The Location Database Module 120, FIG. 21 has logic or data structures formulated into a Database File Name Developer 125, FIG. 21. The Database File Name Developer 125 is in communication with the Location Data Translator 124. The Database File Name Developer 125, FIG. 21 retrieves from memory the temporally stored translated longitude and latitude for a selected record. In this example, latitude is 3417.57 and longitude is 8430.27. The Database File Name Developer 125 further retrieves from memory the actual location defined by the longitude and latitude for that record. The location may, if desired, be a plurality of locations. For example, a given longitude and latitude has more than one street location intersecting with another street location. All locations are retrieved from memory. From other Positional Information contained in the selected record, the Database File Name Developer 125 formulates or constructs a predetermined code delineating degree size, rotation and hemisphere. The predetermined code is appended to the Location Database Reference Number and separated from this number by a decimal point creating a new Location Database File Name. The predetermined code may, if desired, have any place value or positional notation that is convenient. The preferred embodiment of the present invention 10 selects three place values to denote the various combinations of degree size, rotation and hemisphere. Table 1, FIG. 24 delineates some, but not all of the various combinations possible for indicating degree size, rotation and hemisphere. For example, the first place value is the symbol (9) 126 indicating the degree size is less than 100° (degrees) longitude. The second place value indicating the symbol (E) 127 indicating the rotation direction is East 0° to 180° (degrees). The third place value is a symbol (N) 128 indicating the hemisphere is Northern. The predetermined code may, if desired, contain alternate configurations with no loss in data integrity. For example, the predetermined code 9, E, N may have an alternate configuration of 0,0,N or Null, Null, N, (Null defined as no symbol). The alternative configuration of the predetermined code enables the user of the present invention 10 to compress data or reduce data memory storage when storing the longitude, latitude, and predetermined code in a translated record. As discussed herein, the Database File Name Developer 125 examines the data in each record in the Translated Location Database creating a new Location Database File Name for each unique translated record number found. Each translated record is then placed in the New Location Database File having the same name and Positional Information.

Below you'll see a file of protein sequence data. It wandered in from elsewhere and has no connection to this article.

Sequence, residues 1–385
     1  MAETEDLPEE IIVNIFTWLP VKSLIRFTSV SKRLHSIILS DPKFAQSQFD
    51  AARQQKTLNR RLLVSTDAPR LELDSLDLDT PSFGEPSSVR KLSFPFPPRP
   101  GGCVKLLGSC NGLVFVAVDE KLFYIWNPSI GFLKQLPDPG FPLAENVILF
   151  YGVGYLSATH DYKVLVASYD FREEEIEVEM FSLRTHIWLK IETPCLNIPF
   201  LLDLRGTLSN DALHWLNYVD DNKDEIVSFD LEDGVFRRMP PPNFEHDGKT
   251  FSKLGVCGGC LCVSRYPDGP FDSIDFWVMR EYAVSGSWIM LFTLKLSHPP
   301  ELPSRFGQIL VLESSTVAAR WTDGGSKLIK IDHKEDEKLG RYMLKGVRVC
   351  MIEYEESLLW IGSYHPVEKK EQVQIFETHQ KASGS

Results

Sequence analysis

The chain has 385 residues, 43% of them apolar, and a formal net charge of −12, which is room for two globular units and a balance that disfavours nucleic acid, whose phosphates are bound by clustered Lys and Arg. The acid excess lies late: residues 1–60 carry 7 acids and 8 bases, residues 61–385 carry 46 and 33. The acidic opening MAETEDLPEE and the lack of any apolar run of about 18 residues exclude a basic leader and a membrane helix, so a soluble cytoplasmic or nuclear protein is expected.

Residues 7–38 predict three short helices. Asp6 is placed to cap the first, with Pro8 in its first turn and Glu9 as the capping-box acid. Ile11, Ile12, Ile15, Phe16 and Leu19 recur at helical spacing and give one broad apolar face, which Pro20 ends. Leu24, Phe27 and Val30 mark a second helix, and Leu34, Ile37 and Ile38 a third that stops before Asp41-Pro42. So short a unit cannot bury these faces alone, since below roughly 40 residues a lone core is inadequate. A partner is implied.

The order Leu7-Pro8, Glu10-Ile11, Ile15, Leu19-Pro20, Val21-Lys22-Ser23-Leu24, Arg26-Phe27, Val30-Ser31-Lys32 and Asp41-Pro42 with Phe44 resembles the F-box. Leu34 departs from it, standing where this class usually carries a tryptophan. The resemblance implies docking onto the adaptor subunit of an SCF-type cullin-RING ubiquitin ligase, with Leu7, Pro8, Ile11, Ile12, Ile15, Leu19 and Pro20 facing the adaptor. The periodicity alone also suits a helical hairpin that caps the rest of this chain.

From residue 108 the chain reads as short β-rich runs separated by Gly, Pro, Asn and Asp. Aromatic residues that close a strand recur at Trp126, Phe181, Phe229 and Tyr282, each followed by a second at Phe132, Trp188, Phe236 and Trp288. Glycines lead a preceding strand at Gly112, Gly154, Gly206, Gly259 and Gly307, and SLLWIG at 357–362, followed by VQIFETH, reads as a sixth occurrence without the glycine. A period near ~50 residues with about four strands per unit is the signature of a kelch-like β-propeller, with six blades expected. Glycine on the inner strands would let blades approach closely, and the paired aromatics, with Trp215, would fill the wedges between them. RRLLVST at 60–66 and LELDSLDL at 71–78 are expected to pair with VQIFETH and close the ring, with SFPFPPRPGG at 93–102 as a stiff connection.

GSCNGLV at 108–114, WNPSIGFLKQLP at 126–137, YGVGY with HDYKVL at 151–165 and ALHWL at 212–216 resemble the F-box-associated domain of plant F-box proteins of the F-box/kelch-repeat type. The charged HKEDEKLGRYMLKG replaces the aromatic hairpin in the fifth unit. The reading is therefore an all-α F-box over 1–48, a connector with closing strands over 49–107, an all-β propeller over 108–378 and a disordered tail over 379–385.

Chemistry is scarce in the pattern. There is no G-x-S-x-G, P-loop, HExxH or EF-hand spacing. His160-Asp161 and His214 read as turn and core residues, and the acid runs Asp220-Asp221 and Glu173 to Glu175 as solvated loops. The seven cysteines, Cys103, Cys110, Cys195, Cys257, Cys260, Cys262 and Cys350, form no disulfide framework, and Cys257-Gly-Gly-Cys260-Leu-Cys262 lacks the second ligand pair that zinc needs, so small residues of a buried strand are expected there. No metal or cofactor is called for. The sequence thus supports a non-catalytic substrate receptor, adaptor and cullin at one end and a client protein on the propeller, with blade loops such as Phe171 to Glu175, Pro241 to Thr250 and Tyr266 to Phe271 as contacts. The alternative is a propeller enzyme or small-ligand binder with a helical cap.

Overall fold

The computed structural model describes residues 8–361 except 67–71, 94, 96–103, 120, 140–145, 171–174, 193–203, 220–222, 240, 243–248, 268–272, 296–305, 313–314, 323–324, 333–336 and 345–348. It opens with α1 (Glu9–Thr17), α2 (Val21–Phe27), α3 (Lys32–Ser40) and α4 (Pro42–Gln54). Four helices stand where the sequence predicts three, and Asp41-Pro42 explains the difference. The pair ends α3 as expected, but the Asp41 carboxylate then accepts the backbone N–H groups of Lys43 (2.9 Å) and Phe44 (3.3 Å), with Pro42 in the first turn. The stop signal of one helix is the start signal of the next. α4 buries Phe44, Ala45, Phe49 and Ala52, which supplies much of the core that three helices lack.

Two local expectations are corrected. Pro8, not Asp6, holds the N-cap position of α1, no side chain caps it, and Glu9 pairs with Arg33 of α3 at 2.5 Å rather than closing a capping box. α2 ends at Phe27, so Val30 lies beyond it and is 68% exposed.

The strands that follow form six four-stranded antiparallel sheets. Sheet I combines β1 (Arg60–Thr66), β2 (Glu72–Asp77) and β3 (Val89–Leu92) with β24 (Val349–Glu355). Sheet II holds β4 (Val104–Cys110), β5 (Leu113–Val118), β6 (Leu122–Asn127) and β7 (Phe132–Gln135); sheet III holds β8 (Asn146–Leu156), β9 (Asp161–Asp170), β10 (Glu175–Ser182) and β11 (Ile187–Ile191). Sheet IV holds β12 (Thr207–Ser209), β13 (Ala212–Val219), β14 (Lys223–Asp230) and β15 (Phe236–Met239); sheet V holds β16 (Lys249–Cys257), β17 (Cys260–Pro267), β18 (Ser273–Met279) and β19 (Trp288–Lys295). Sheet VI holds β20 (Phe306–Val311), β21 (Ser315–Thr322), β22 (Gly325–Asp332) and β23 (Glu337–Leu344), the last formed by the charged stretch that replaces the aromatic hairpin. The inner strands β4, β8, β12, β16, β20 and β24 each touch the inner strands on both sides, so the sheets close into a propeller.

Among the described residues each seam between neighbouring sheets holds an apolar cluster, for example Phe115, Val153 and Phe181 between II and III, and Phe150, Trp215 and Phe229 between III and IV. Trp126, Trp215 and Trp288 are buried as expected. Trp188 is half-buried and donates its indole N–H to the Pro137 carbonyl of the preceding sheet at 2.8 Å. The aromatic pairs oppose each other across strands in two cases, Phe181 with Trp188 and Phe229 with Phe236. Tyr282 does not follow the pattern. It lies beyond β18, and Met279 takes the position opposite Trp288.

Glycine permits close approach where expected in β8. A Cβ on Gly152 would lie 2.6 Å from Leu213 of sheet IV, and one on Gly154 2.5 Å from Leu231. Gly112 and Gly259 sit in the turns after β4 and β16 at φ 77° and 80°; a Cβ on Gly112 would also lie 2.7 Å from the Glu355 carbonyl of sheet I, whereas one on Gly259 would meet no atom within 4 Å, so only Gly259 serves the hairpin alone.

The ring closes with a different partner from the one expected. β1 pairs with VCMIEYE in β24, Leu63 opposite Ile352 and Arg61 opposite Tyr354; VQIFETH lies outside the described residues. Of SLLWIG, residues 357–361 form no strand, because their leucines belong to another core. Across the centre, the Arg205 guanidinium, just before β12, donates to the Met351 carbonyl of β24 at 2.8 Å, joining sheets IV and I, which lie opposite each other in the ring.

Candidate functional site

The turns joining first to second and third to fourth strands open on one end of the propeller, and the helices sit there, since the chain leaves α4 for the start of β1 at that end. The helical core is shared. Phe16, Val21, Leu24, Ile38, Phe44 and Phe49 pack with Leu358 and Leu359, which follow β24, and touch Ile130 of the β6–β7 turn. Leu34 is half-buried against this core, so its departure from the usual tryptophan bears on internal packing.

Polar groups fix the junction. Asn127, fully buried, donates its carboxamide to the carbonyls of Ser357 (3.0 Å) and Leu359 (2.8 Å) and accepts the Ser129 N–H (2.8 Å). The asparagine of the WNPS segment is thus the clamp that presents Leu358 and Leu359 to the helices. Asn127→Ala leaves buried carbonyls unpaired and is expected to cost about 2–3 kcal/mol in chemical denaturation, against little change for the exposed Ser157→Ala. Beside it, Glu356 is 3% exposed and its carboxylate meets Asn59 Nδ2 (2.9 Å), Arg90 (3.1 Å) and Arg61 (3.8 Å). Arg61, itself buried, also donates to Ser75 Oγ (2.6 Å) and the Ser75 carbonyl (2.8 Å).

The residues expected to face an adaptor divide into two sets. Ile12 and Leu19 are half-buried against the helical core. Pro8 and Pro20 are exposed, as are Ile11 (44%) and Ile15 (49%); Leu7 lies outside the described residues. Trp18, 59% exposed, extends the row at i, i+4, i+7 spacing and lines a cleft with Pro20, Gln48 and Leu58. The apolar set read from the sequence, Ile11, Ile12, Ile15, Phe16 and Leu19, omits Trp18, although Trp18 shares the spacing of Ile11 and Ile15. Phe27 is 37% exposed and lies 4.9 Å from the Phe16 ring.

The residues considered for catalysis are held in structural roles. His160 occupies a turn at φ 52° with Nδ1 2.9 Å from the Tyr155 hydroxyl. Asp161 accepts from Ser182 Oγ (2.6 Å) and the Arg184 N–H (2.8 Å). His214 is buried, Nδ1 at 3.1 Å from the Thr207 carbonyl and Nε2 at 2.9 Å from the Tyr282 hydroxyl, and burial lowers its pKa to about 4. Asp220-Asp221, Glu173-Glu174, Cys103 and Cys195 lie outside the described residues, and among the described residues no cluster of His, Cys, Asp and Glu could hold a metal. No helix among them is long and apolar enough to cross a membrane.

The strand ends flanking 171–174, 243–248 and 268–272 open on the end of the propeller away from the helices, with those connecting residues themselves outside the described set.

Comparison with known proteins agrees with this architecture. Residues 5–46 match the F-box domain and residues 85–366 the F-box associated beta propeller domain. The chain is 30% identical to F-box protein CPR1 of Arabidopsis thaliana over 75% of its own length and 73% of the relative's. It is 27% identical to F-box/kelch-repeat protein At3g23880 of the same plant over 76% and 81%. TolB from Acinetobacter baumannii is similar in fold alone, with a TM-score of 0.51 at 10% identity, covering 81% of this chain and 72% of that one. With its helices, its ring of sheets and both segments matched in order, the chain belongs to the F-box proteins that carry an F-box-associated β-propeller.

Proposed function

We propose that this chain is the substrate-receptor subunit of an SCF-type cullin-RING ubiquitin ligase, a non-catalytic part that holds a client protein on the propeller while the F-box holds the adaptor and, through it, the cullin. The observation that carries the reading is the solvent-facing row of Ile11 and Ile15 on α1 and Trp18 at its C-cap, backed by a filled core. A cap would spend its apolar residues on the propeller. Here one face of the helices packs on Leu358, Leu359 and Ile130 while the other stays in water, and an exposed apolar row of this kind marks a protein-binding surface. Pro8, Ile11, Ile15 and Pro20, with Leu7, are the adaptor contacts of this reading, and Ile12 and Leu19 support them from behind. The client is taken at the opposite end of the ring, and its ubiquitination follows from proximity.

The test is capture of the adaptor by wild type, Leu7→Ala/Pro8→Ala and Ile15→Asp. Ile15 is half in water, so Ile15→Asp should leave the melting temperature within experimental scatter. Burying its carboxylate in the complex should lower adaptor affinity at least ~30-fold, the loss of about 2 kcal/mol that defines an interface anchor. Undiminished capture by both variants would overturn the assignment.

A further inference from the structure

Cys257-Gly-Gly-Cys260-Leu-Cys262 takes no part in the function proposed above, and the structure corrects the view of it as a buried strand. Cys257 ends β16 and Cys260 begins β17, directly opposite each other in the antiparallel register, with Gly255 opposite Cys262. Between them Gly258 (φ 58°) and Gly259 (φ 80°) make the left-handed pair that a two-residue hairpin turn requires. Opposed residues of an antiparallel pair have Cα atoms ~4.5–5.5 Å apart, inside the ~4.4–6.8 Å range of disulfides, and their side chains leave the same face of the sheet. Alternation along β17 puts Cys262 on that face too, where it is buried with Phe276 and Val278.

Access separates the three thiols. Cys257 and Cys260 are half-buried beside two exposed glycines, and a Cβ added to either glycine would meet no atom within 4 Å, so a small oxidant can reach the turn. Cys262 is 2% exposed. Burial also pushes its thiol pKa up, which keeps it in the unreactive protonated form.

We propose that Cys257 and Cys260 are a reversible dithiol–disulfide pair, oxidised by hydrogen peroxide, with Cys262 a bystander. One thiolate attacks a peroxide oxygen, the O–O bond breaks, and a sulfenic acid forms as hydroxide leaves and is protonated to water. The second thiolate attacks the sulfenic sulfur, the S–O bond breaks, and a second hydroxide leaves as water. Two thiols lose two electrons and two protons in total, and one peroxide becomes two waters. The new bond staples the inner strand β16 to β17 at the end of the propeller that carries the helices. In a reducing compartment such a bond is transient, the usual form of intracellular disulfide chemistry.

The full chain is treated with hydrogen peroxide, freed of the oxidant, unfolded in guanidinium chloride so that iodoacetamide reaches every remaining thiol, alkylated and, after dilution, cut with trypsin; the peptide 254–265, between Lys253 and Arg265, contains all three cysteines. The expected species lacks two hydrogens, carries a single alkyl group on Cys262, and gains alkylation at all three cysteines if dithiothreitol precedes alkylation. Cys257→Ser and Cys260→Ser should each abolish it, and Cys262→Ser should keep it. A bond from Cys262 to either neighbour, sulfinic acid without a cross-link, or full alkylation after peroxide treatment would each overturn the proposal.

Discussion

In summation, the translated navigational data record comprises a record number; longitude and latitude data, location data, and the derived predetermined code. The Database File Name Developer 125 has stored therein a plurality of files each containing a plurality of translated records denoting navigational data for all navigational positions on the globe or any selected portion thereof The user may, if desired, scan, sort, or perform other database manipulations on the stored data known in the art of database technology. After the above discussed process, the longitude and latitude will be naturally or by database manipulations be divided into 8 Location Sections starting with 4 quadrants determined by the Northern or Southern Hemisphere and by Longitude degrees being measured East or West of Zero Degrees from Greenwich England. Each of these quadrants is then further partitioned into 2 sections, the first containing Longitude Degrees from 00.0000 to 99.9999 and the other containing Longitude Degrees from 100.0000 to 180.0000. Each of the 8 Location Sections contains translated Random Access Files containing records pertaining to that particular portion on the globe.